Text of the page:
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Mountain series

Posted by purpleacres Upper Northern Calif (My Page) on
Mon, Jan 21, 08 at 3:18

Howdee there

I grew the mountain gold tomato this last year and loved it. I remember someone telling me there are others in the series. Can any one recomend one of them perhaps a pink or red? Or is there a site that talks of the series?

Thank you

Acres

purpleacres17@aol.com


Follow-Up Postings:

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RE: Mountain series

I grew the mountain gold tomato this last year and loved it. I remember someone telling me there are others in the series. Can any one recomend one of them perhaps a pink or red? Or is there a site that talks of the series?

*****

The Mountain series hybrids ( Mountain Gold is OP) were bred by Dr. Randy Gardner at NCSU and they're very popular with commercial growers b'c they are blemish free, solid, productive, and have a long shelf life and ship well.

If you go to any seed source that carries hybrids, such as tomatogrowers.com you can read what varieties in the series they carry and the descriptions that go with those varieties. Check out Totally Tomatoes to see if they also carry some in the series.

The catalogs that carry the most of the Mountain series are commercial wholesale catalogs for the large commercial farmer, so check out the kind of retail places I mentioned above. You can also Google Mountain Tomatoes and see what others you might find, if you wish.

YOu'll find Mountain Princess, which is not one of the hybrid series bred by Dr, Gardner.

I've never grown them but some farmer friends have and still do, so I have tasted some of them.

Carolyn


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RE: Mountain series

  • Posted by mawkhawk Metro Detroit, MI/ Z (My Page) on
    Mon, Jan 21, 08 at 8:19

Yes, TotallyTomatoes carries a bunch of them in their current catalog.


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RE: Mountain series

Mountain Fresh as well as Mountain Pride are both great varieties in my opinion. Be careful though when getting seeds for Mountain Fresh, this year I did a quick look into some places, and have found the prices to be rather frightening. Look around and be sure you compare prices to the company you are getting them from. I grow in mile high, extremely cold Butte, MT with summer eves often in the low 40's in July and August.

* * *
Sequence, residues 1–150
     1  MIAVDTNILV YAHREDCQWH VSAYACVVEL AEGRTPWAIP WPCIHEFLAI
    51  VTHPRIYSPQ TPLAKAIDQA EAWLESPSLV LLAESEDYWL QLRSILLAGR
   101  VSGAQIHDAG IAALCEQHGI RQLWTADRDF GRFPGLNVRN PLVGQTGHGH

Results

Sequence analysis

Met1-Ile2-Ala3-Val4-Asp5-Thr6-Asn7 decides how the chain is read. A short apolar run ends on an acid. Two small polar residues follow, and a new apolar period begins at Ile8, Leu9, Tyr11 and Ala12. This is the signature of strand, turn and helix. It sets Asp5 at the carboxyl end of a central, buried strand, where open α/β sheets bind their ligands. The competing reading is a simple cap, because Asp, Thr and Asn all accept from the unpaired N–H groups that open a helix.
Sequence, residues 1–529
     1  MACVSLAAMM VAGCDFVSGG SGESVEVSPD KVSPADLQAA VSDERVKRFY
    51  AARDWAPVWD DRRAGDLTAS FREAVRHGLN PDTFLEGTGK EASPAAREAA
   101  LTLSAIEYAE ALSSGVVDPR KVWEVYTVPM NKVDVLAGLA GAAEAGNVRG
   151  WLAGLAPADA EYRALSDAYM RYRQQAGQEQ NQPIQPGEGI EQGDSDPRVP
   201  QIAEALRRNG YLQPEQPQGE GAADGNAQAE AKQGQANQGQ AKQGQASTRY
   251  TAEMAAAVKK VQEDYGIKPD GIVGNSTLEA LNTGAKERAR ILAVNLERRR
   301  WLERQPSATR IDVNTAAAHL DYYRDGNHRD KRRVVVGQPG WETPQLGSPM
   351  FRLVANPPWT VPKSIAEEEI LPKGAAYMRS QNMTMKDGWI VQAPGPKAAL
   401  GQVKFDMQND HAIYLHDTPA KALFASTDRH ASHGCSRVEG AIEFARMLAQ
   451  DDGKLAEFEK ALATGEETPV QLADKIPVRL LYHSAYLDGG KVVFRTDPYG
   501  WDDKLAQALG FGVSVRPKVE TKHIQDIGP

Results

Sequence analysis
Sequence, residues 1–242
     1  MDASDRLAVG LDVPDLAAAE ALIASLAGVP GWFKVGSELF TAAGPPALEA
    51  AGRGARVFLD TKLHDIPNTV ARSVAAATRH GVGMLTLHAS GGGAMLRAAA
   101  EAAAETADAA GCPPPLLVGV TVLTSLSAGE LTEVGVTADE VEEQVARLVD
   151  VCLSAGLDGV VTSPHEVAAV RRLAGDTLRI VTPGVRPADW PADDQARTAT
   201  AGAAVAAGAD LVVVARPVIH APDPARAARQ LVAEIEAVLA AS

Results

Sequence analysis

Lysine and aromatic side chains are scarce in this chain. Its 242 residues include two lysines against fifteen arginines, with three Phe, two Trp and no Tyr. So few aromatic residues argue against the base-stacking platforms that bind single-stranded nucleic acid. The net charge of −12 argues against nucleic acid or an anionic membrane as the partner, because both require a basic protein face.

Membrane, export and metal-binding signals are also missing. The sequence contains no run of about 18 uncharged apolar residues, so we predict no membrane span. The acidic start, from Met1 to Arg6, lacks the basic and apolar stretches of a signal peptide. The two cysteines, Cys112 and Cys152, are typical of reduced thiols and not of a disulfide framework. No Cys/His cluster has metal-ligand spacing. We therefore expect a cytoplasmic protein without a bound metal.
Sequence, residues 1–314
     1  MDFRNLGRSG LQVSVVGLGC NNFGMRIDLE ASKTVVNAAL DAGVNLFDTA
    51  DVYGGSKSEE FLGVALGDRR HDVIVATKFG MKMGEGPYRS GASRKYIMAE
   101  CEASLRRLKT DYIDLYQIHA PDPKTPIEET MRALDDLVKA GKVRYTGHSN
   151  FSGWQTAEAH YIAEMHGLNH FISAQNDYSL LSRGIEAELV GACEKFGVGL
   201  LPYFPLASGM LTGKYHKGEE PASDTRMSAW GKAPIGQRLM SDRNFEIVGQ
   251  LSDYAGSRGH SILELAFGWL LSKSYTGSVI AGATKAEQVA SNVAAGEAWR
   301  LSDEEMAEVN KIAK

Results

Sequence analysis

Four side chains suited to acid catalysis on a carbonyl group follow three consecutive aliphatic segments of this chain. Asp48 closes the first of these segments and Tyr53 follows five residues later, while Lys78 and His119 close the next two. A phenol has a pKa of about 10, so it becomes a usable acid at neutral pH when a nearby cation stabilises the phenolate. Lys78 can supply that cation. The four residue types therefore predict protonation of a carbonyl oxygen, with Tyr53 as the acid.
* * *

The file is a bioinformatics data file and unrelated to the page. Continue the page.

Hi everyone, Im back :)


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RE: Mountain series

There is a Mountain Fresh and now a Mountain Fresh Plus (has nematode resistance). That might be the reason for the anomoly in price.

Some of the series is getting harder to find such as Mountain Supreme - which is the variety with a rather complex form of early blight resistance most do not understand. It's fruits are slightly smaller than others in the series so it probably didnt take off for both of those reasons.

Mountain Crest is another new one with longer shelf life.

Mountain Belle is the cherry tomato (I really like it).

Also of note Mountain Gold has been improved and that line is a hybrid called "Carolina Gold"


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RE: Mountain series

There is a new introduction called Mountain Glory which I was told is Mountain Spring plus Tomato Spot Wilt Virus (TSWV) resistance. Probably not a concern in California yet. But TSWV is a plague in the Southeast.

Funny thing about this discussion is I wrote Rogers Seeds for some QualiT seeds and a rep wrote me back that they didn't recommend QualiT for the Southeast and Midwest ... only for California and the Southwest ... and sent me Mountain Glory instead.

Bill


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RE: Mountain series

I had 4 different kinds of "Mountain" tomatos last year, because the local Meijer store was carrying them, and I bought a 4 pack of each just to see -- they had Mountain Pride, Mountain Gold, Mountain Spring, and Mountain Fresh. They were mediocre in terms of production for me -- the plants fizzled out much faster than other kinds, and yields were low. The flavor of most of them was very good, and the Mountain Gold was superb. I think perhaps they didn't like my climate. Also, they had some kind of funky disease when small - looked ok when I bought them, got a yellow, streaky, misshapen look, like a virus, but I fungicided them and they grew out of it, so that might have diminshed yields.

I wouldn't grow them again here. They probably need a certain climate, where they probably thrive.


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